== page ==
May 26, 2010
Jewish groups urge repeal of ‘Don’t Ask, Don’t Tell’
A coalition of 10 major Jewish organizations is urging Congress to repeal the “Don’t Ask, Don’t Tell” military policy.
The coalition, led by the Jewish Council for Public Affairs, sent a letter Tuesday to Congress.
We believe this policy is unjust and become an anomaly among western nations,” the letter said. “Advanced militaries throughout the world, including many of our NATO allies and Israel, allow gay, lesbian and bisexual personnel to serve openly. It is time for the United States to repeal the ‘Don’t Ask, Don’t Tell,’ and we encourage you and colleagues to act swiftly.”
In addition to JCPA, which this year adopted a resolution establishing the repeal of “Don’t Ask, Don’t Tell” as one of the organized Jewish community relations community’s top priorities, the letter was signed by the American Jewish Committee, American Jewish Congress, Anti-Defamation League, B’nai B’rith International, Jewish Labor Committee, Jewish Reconstructionist Federation, National Council of Jewish Women, Union for Reform Judaism and United Synagogue of Conservative Judaism.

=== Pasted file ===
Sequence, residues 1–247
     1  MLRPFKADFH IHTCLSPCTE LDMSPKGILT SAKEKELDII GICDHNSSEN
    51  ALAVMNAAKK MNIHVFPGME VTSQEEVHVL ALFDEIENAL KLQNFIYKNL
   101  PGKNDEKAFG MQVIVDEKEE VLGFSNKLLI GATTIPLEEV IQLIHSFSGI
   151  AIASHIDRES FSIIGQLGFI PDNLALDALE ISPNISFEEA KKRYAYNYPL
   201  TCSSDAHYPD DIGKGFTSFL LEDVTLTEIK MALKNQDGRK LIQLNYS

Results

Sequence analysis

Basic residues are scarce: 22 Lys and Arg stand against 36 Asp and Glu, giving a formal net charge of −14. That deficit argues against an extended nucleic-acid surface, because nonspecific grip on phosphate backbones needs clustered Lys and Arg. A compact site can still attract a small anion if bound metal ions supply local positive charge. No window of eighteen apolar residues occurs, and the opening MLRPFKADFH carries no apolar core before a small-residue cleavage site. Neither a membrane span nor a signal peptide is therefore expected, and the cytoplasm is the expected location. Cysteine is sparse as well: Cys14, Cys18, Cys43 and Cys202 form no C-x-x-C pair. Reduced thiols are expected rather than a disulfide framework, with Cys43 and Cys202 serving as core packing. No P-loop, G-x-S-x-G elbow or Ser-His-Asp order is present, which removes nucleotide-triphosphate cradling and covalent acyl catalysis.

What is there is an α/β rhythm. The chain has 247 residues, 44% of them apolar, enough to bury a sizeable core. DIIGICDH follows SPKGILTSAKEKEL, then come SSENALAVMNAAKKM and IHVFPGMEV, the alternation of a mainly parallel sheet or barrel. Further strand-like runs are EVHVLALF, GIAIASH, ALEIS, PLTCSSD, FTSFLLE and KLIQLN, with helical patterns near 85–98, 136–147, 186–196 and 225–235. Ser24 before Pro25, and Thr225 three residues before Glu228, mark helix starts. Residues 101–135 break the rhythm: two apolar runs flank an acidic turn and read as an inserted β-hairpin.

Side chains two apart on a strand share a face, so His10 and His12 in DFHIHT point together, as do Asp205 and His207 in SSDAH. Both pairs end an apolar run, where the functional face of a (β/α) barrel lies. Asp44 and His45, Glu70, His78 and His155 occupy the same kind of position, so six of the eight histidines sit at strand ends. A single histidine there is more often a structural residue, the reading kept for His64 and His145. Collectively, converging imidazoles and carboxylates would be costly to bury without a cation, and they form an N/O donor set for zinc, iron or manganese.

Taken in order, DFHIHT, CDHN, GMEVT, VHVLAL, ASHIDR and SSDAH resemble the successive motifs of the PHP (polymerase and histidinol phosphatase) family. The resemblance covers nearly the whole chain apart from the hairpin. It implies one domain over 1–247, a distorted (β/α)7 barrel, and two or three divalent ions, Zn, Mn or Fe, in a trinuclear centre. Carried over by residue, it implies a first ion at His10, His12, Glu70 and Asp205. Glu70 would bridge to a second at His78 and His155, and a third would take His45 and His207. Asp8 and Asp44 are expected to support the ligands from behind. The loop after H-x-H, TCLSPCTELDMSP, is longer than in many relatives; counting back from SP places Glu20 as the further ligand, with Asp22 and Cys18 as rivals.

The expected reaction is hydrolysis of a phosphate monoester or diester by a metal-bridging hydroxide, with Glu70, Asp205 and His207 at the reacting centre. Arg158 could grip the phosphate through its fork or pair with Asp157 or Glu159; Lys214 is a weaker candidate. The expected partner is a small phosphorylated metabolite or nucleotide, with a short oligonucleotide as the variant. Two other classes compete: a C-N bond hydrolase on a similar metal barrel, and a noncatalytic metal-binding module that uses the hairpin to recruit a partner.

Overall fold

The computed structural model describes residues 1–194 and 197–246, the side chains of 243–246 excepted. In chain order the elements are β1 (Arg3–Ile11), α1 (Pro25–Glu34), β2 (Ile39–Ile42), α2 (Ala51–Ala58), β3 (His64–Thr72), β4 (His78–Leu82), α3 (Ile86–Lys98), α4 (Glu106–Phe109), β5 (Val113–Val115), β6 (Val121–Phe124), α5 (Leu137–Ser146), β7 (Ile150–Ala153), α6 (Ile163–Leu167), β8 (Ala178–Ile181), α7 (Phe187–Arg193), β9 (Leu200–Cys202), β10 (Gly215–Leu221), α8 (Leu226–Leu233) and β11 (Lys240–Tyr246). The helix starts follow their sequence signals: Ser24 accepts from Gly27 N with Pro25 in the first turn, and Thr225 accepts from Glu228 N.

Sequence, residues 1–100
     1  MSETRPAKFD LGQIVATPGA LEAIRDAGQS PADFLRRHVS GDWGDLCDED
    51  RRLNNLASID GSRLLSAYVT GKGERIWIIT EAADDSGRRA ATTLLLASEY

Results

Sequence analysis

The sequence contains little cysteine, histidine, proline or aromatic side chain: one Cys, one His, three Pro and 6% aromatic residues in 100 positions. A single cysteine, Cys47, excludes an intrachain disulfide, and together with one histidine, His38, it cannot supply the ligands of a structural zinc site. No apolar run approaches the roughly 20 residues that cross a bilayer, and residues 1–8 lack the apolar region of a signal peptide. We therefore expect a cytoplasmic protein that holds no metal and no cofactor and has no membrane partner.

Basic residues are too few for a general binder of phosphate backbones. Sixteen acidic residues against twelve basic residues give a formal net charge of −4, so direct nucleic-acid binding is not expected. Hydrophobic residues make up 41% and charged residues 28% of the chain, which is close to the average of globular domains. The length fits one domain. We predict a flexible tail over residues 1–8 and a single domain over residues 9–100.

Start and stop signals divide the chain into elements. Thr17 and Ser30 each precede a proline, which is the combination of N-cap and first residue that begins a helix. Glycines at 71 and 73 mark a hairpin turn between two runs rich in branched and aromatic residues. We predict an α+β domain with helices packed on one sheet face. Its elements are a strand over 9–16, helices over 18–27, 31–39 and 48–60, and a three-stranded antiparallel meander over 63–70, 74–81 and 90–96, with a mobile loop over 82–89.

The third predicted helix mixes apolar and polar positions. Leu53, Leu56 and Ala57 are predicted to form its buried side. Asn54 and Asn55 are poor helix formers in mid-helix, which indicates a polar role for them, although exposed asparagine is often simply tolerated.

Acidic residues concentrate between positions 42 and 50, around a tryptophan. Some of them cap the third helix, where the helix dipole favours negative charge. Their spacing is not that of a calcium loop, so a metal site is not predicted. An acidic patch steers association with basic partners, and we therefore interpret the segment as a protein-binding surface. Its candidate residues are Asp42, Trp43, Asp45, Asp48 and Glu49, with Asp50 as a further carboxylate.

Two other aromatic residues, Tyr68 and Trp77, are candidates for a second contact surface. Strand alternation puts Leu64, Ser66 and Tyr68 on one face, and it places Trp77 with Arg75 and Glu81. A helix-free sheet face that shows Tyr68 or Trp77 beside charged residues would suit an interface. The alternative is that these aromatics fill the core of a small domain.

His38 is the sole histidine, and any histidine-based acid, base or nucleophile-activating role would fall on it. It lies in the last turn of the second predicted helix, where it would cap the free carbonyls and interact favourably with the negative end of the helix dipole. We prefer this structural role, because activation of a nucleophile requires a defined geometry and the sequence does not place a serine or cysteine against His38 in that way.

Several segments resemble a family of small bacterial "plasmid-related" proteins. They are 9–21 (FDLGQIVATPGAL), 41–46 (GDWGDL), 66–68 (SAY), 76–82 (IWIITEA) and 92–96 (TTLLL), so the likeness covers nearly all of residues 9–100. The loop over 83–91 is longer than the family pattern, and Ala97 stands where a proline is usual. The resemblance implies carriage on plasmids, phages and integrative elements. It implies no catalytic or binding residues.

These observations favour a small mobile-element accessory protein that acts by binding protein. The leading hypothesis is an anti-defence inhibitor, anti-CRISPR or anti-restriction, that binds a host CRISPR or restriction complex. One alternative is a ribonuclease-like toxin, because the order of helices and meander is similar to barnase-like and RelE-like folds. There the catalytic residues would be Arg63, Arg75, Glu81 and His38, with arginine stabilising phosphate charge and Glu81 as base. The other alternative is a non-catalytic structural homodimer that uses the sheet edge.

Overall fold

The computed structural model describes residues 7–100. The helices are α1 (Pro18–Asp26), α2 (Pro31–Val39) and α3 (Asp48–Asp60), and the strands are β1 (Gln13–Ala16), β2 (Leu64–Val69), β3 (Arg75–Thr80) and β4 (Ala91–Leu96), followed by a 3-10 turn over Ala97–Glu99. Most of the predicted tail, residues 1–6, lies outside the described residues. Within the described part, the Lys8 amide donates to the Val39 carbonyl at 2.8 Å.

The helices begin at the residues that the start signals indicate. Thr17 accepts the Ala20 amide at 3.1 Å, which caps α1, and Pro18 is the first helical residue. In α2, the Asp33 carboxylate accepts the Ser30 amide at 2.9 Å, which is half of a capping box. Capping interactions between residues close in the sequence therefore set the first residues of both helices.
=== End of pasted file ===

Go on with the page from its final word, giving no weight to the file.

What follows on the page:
“Since the implementation of “Don’t Ask, Don’t Tell,” public opinion on this issue has changed dramatically,” the letter said. “In 1994, only 44 percent of the Americans agreed gay and lesbian service members should be allowed to serve openly. Today, 75 percent of Americans, a majority of both Democrats and Republicans, believe openly lesbian and gay citizens should be able to serve in the U.S. military.”